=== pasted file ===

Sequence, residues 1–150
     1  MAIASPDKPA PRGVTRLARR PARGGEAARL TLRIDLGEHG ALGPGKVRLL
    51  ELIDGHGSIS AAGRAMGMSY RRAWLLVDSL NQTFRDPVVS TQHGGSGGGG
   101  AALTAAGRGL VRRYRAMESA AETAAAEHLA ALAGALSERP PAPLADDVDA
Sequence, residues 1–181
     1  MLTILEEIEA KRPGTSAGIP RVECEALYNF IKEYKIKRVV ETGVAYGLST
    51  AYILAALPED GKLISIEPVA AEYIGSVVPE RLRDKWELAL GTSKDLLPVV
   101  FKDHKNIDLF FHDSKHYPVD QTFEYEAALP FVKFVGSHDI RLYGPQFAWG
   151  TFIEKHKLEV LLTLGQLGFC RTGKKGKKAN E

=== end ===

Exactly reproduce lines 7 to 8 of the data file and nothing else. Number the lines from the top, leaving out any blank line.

    51  AYILAALPED GKLISIEPVA AEYIGSVVPE RLRDKWELAL GTSKDLLPVV
   101  FKDHKNIDLF FHDSKHYPVD QTFEYEAALP FVKFVGSHDI RLYGPQFAWG